In cycling, falling off the bike comes with the territory. At least, that’s the case for me.
I’m fairly new to this sport, and while I feel more confident and capable with every ride, I’m learnng that it’s the rare cyclist who can outmaneuver every unpredictable rough patch.
Fortunately, my scary spill in Tanzania was nothing more than that. Just scary. After four hours in the Kilimanjaro Medical Center (another story in and of itself), the x-rays of my neck showed no signs of injury, and my globalbike comrades and I were cleared to leave. Walking gingerly through the hospital hallways in sock feet, bruised a bit, and covered in the red dirt we’d been riding through, I could see we were quite a curiosity. The nurses, doctors and patients were clearly puzzled by our presence. The stares we got going back to the bus made me want to stop and tell our story.
I could see the questions in the eyes of the onlookers: “who were these Africans and Americans clad in cycling togs and looking every bit like friends?” and “what brought them together to ride bicycles in this remote corner of the continent?” Oddly enough, I have a feeling that it won’t be long before the word “globalbike” becomes a one-word descriptor in Tanzania to answer questions like those.
Back on the bus headed for the Honey Badger Lodge, we waved goodbye to the strangers who found us so strange and rode off to reunite with the rest of the riders waiting for us.
What happened next will forever be etched in my mind’s eye. It was a scene that sums up my sentiments about this trip and points to the essence of what happened while we were in Tanzania.
When we stepped off the bus at the campsite, there were cheers and tears. The whole team turned out to welcome us home, relieved that I was well and we were all together again. The reception line of well-wishers waiting for us and the exchange of love we shared will be a cherished memory – it was a crystallization of our connection and proof that people from very different pockets of the world can find common ground. Not only did we find it, we sought it out in one another. After days of living together, delving into one another’s stories, sharing meals as group, after pedaling up and down and around Mount Kilimanjaro, we moved beyond language, cultural and ethnic barriers and became a community. We sincerely cared about each other, and on that night, we embraced that bond by embracing one another.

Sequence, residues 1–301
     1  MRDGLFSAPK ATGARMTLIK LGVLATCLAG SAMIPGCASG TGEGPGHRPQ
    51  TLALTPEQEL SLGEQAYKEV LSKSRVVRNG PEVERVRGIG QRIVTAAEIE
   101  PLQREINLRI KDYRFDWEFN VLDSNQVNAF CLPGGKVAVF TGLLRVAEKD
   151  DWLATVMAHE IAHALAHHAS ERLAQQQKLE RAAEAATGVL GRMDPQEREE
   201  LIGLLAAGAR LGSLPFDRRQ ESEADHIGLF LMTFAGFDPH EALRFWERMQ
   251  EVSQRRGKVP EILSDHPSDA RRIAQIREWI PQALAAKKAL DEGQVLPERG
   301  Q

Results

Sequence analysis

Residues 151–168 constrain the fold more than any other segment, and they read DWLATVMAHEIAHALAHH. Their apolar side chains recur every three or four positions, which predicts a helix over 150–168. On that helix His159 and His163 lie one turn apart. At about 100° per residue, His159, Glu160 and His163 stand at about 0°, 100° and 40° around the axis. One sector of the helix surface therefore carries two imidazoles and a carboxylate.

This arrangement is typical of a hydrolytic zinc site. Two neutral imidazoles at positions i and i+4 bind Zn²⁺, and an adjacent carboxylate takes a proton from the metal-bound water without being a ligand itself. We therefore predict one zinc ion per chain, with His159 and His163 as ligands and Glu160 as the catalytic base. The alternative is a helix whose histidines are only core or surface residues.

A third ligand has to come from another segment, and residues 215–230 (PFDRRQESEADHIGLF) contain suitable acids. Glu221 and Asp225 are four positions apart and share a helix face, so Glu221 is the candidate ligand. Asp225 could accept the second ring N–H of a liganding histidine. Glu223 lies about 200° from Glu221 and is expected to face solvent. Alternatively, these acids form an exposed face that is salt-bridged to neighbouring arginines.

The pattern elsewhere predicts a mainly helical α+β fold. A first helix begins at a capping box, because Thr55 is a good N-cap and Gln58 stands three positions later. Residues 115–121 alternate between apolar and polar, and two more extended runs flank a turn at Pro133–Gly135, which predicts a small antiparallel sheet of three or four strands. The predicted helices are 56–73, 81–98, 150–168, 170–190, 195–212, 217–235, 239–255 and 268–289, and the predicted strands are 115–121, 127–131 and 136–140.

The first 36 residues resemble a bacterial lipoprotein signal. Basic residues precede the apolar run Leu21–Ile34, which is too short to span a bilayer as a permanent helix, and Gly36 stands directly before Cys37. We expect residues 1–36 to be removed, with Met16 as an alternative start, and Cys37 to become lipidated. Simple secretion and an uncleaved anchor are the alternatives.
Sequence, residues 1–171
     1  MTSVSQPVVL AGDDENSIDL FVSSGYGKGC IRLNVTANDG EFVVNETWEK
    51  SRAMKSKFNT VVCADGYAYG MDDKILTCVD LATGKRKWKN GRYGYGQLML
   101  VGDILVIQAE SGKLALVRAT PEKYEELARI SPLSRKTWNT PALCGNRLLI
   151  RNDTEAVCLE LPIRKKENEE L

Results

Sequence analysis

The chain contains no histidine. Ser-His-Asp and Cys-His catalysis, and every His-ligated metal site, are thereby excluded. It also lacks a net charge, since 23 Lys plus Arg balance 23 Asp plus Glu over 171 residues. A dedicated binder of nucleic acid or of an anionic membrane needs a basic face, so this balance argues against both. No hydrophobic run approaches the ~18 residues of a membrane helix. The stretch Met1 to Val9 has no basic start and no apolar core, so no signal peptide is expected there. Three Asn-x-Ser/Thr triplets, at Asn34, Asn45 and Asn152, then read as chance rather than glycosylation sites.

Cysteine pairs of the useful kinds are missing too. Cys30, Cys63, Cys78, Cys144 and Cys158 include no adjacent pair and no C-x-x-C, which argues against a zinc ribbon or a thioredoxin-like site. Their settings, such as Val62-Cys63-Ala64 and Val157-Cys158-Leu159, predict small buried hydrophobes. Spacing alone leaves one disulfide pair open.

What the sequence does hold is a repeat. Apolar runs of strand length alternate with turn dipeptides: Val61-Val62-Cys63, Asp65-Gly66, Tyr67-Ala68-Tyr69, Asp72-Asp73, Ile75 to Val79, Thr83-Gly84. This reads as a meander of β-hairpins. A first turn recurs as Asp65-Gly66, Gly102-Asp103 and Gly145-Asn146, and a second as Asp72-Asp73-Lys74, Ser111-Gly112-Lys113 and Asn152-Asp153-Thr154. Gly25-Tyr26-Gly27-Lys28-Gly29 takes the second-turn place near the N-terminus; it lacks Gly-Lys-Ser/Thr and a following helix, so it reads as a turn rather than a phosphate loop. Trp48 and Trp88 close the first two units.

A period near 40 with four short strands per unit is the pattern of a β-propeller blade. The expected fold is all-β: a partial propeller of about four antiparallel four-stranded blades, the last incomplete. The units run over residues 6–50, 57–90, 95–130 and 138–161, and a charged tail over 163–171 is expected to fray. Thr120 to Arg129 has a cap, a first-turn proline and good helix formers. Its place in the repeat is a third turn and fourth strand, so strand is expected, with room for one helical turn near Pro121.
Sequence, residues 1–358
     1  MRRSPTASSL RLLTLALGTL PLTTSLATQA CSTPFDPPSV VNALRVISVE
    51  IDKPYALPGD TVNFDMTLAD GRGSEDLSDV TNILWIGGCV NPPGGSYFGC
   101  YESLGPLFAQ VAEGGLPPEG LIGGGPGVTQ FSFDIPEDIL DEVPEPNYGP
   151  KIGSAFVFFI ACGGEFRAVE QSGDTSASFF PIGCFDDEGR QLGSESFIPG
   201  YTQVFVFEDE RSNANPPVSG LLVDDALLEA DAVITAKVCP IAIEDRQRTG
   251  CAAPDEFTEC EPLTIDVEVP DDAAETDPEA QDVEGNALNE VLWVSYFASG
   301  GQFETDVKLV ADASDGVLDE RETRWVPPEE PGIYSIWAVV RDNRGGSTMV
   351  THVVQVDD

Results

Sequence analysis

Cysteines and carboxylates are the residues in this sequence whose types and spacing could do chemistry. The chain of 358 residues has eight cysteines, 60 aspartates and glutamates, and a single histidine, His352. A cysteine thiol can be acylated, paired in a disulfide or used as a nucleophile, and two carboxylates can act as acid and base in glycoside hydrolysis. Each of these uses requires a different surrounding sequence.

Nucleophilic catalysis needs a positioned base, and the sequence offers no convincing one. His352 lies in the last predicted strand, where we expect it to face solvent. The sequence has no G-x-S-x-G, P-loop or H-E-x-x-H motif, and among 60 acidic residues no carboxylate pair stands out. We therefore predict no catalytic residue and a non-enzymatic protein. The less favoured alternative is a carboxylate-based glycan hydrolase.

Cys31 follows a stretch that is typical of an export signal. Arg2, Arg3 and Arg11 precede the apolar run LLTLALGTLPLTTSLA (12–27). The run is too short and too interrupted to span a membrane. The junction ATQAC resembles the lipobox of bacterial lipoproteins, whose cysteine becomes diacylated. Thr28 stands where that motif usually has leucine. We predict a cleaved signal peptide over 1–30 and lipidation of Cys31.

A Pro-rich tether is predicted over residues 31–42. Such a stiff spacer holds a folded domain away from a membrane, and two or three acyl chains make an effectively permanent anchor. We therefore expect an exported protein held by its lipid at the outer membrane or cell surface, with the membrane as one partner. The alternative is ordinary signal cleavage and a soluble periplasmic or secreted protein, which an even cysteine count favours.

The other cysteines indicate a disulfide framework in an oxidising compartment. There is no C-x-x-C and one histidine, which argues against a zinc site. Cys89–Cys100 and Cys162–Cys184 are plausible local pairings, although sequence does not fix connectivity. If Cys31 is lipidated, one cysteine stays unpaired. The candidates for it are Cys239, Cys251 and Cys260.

By the end of this journey, it would be apparent that “them” and “us” were descriptors for who we had been when we were first introduced, but now our rag-tag team of tired riders, young and old, black and white, American and African, men and women, boys and girls, were a blended “we.”
This brilliant idea about transformative tourism worked, and the lessons we have learned from it, big and small, are significant.
I know that I am forever changed for what I experienced with globalbike in Africa. I’ve seen what can happen when people cultivate meaningful connections and care about a common goal. I’ve seen what can happen when we act on behalf of “we”.